Seahawks Looking Forward to Facing Former Teammate Golden Tate

Lions receiver Golden Tate returns to Seattle, where he spent his first four seasons in the NFL, and his former teammates are looking forward to a reunion.

The Seahawks defense will spend Monday night's game against the Detroit Lions trying to stop a passing game that includes former Seattle receiver Golden Tate. On other NFL weekends, however, Seahawks players have been pulling for Tate ever since he left in free agency following the 2013 season.

Tate, the Seahawks' leading receiver in their Super Bowl-winning 2013 season, was one of a handful of key players from that team who the Seahawks were unable to retain, but nobody in Seattle seems to harbor any ill-will towards a former teammate for getting a good deal in free agency.

"Tate is a great competitor," said safety Earl Thomas, who along with Tate was part of Seattle's first draft class under Pete Carroll and John Schneider. "I watch him on film, and I miss him a little bit. He was a part of a lot of success we had here."

For Seattle's defense and for Tate, there will be plenty of familiarity after multiple years of practicing against each other, something that cornerback Richard Sherman said won't favor either side.

"It'll be fun," Sherman said. "It's always fun to play against Tate. Obviously we had our battles in practice for years. We're happy for all of his success, it'll be another fun battle."

"I don't think anybody gets more (advantage). It's been years since we practiced against each other, too. But I don't think it gives anybody the advantage. I think it's going to be fun, it makes it more fun, it makes it more like a chess match. You understand the moves that are coming. You understand the strengths, the weaknesses, and how they're going to try to attack you, and you try to counter it, and then they counter it, it's going to be a lot of fun."

Tate, a second-round pick in 2010, didn't make an immediate impact as a rookie, but by the time he left Seattle he was the team's leading receiver, a player known for his big-play ability, and also the team's punt returner.

"He was an all-around athlete," Carroll said. "He was so natural at catching and making moves and playing the game. It came easy to him in that regard. He had to grow through some of that because he was such a natural athlete, he had to work hard at his stuff, which he did. The punt return stuff was pretty fun to watch once we got him back there. He's a good player."

The Seahawks hoped to bring him back after his rookie contract expired, but with salary cap limitations and other deals to get done, they were unable to match Detroit's offer.

"There's always difficult decisions, and we tried to keep him, and we just couldn't get there, where he wanted to go," Carroll said. "He was a good guy on our team, we liked the heck out of him. He was one of my favorite guys out there. We tried, but we couldn't get it done."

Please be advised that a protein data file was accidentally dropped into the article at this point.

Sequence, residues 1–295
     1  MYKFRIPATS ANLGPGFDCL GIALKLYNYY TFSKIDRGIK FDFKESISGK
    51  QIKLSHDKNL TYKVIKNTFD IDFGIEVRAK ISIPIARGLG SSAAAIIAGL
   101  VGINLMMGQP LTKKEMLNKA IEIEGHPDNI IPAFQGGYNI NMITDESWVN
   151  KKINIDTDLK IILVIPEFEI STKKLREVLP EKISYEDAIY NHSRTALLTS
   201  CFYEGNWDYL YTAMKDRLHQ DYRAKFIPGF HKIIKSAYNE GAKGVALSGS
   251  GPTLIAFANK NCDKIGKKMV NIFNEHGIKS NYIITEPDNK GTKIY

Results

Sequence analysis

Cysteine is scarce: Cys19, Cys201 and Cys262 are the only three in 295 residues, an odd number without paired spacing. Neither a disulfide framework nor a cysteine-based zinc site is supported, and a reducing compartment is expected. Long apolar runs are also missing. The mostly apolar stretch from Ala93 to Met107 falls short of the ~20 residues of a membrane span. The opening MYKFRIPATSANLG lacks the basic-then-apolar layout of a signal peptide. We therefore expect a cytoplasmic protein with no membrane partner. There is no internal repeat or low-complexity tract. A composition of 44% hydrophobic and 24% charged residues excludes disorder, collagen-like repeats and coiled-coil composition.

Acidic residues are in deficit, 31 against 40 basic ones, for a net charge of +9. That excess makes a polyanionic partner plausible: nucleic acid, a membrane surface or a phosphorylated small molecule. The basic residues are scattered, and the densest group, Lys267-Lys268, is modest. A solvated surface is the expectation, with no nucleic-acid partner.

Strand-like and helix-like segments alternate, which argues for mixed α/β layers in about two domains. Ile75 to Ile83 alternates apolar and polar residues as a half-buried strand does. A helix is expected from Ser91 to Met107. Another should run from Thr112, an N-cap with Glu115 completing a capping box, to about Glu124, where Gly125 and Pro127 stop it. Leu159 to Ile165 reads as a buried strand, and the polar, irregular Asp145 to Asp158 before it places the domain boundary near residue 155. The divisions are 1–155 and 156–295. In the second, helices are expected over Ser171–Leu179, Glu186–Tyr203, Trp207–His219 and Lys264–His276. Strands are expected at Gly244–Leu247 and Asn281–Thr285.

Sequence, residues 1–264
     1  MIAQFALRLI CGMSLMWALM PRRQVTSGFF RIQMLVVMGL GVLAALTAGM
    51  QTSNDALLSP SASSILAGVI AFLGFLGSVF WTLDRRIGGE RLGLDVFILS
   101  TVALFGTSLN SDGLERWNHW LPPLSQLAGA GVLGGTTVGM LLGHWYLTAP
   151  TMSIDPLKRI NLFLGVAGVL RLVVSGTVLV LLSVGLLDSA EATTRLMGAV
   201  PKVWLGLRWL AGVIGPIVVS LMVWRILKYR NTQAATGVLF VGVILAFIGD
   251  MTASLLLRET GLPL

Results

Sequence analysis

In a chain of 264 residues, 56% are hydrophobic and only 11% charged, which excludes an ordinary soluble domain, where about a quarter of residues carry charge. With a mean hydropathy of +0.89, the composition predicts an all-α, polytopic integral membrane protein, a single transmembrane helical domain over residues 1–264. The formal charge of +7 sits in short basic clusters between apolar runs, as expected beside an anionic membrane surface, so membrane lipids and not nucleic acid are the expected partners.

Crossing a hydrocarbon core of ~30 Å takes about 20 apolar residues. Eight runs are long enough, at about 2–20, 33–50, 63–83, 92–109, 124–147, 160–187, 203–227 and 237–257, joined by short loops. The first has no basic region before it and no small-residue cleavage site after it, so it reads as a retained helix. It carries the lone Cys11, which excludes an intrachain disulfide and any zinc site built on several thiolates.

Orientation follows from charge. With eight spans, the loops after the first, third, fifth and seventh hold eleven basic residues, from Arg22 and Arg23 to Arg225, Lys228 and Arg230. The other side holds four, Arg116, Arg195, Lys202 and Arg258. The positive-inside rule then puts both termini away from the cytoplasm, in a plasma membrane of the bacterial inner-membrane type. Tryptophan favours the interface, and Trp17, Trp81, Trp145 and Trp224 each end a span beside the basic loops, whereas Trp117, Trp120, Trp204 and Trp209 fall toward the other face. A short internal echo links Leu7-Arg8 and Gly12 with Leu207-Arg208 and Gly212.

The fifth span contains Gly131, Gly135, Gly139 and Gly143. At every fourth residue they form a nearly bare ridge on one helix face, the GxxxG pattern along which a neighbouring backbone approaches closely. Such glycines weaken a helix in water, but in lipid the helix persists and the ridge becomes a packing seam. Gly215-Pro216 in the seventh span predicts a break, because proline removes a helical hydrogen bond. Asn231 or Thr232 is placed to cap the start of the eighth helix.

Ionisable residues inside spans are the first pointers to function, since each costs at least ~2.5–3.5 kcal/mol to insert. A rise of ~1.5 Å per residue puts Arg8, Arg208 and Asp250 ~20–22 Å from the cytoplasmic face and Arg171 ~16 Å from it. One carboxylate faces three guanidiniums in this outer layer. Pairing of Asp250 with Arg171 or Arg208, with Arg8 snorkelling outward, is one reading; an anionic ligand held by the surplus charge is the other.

For Seahawks receivers, Tate's Pro Bowl 2014 season with Detroit offered a bit of validation. The Seahawks threw the fewest passes of any team in the league from 2012-2014, and with fewer attempts come receiving numbers that don't get a lot of attention. Even as the Seahawks went to back-to-back Super Bowls and earned three straight playoff berths, their receivers heard about how they were mediocre or average or pedestrian. But when Tate left for Detroit, a team that throws a lot more frequently than Seattle, Doug Baldwin predicted big numbers for his former teammate.

"Oh yeah, without a doubt we (take pride in Tate's success)," Baldwin said. "We've always thought we are much better than the production shows, so Golden going away and doing that just validates our point. We take pride in it, but we also take a lot of pride in what we do here as receivers."

Baldwin and his fellow receivers aren't complaining about their lack of opportunities—they understand that Seattle's balanced offense has been a big part of the team's success—but it's still nice to have a former "appetizer" receiver put up 99 catches for 1,331 yards in a more pass-happy offense.

"I told Jermaine, I said, 'watch, he's going to go over there and double his production,'" Baldwin said. "Everybody will say he's so much better of a receiver, but really he just got more opportunities. We all knew Golden was a great player when he was here, it's just the offense we're in."

Several Seahawks players remain close with Tate—he was even a groomsman in Jermaine Kearse's wedding last summer—so they are both proud of what he has accomplished, and also excited to see him again at CenturyLink Field.

"Golden and I are really close," Kearse said. "I'm looking forward to it."

Kearse, like Baldwin, enjoyed watching Tate succeed in Detroit: "What he did in Detroit last year kind of shows the type of talent we have here. Presented with the opportunity he had, he made plays. It wasn't surprising to me what he did with Detroit. I always knew he could do that, and I know we have players here who could do the same."

Ricardo Lockette, another one of Tate's teammates during his time here, shares the same sentiments as Baldwin and Kearse. 

"We're proud of his success. He's still just like family to us. He'll always be that. It's fun playing against friends. It'll be cool."

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